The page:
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Wilson Center continues to promote inclusivity throughout its history 

Students at the University of Maine may have occasionally wandered down College Avenue and found themselves staring at an unusually shaped, Alpine-style A-frame building, with a sign out front reading “Wilson Center.” Although it might not have a huge following on campus, this unique building at 67 College Ave., home to the Wilson Center for Spiritual Exploration and Multifaith Dialogue as well as the Maine Christian Association, has a very interesting past, and a present that is just as impressive.

When it began as the Maine Christian Association (MCA) over a century ago, the Wilson Center was home to a progressive group of Protestant students and faculty. Even in its first days, the Wilson Center opened its doors to those of different faiths: in a time when different Christian denominations held very strong opinions towards one another, Catholic, Jewish and even atheist students were welcome in the building’s large sitting area under the enormous peaked roof. 

It wasn’t always down the road from the Alumni Hall, though. The original home of the MCA, an older more New England-style two-story, was moved from the current location of Oak Hall to its present residence in 1935, and the MCA, which had called the house home for 11 years by then, moved with it. Programs from around this time already displayed the interfaith community of the Wilson Center: Canterbury Club, a club for Episcopalian students; the Hillel Foundation, for the campus’ Jewish community; Roman Catholic Services, services for Roman Catholics. The list goes on, and makes it very clear that though the Wilson Center has only declared its official mission of providing a community for all faiths and cultures a few years ago, the idea has always been contained within its walls. 

Dorothy Clarke Wilson, the woman who truly brought the MCA, soon to become the Wilson Center, into the limelight, wrote a book on the history of the organization titled “Live for a Hundred Years.” She writes about letters from past students who speak about how formational their years at the Wilson Center were, Friday night suppers with a regular attendance of 30-50 students, each meal costing only 25 cents, and a group for married couples, who had dinners and programs run by marital specialists. She even includes recipes for these dinners, and they sound good enough to make mouths water. All in all, Wilson makes the message quite clear: the Wilson Center was (and is) for everyone.

Though the meals may no longer carry the 25 cent price tag (they’re free now), the dinners at the Wilson Center are still around. Every Wednesday from 6-8 p.m., the Wilson Center provides a home-cooked vegetarian dinner, usually accompanied by games, music and a program. The topics of these programs cover an enormous range: from board game nights and mindful meditation to discussions on relationship violence and religion in movies.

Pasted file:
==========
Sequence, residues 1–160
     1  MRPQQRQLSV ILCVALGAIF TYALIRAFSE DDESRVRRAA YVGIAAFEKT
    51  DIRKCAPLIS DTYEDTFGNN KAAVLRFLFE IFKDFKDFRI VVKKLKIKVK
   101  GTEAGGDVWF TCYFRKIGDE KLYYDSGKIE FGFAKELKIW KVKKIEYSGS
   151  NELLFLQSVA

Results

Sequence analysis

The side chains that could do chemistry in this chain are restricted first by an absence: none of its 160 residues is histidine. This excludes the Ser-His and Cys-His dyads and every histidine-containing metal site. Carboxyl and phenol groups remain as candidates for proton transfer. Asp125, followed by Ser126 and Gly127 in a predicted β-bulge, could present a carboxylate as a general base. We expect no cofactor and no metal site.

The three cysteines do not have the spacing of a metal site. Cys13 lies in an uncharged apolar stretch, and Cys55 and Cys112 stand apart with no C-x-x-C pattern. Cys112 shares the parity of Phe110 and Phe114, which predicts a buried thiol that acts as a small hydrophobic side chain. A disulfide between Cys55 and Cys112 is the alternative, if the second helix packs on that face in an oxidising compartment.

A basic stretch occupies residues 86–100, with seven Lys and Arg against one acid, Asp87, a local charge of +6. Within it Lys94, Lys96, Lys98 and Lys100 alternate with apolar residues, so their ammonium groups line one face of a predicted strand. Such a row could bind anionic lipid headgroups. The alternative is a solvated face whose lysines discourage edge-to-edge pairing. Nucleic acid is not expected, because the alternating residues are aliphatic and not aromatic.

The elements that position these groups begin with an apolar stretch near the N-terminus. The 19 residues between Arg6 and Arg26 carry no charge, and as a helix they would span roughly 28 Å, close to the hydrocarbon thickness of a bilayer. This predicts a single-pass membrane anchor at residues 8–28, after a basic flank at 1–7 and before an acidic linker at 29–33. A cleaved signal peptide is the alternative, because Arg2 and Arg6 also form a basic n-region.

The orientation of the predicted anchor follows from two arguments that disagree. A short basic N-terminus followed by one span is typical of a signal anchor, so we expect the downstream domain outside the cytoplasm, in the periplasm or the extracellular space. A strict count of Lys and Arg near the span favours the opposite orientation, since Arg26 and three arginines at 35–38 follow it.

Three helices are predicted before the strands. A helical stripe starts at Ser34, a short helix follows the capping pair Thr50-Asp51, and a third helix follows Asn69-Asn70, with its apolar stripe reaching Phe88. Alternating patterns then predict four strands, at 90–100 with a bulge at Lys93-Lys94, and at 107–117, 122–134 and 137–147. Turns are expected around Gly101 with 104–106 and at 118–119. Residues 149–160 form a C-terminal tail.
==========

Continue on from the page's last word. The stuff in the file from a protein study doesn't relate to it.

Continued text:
The last Wednesday dinner each month, though, is special. This is the Come to the Table dinner, an in-depth discussion about shared realities across spiritual and cultural differences. But the programs at the Wilson Center aren’t just devoted to discussion. The Coffee House programs, for example, provide students, staff and faculty the opportunity to showcase their talents, passions or ideas with support from the community, as well as a hot cup of coffee. From folk music to readings, they have it all. Even better, all the profits from the Coffee House events go to the Shaw House for Homeless Youth in Bangor. The Meditation Circle, which meets every Monday while classes are in session from 3:45 p.m. – 4:45 p.m. at the Center, focuses on introducing students to the art of meditation. The group introduces newcomers to the technique, providing a training framework for those new to meditation, but also welcomes those who have an established practice but no community to meditate with. 

Though the Center’s ideas and missions may stretch back over 100 years, they still stand strong today. Even now, over a century since the creation of the Maine Christian Association, Dorothy Clarke Wilson’s A-frame building continues to provide a safe and secure home for conversations between those of different religions, spiritualities and walks of life. Stop by for dinner at 6 p.m. on a Wednesday, and you’ll find that the home and community will always be just as welcoming as it was back when lunch cost just a quarter.


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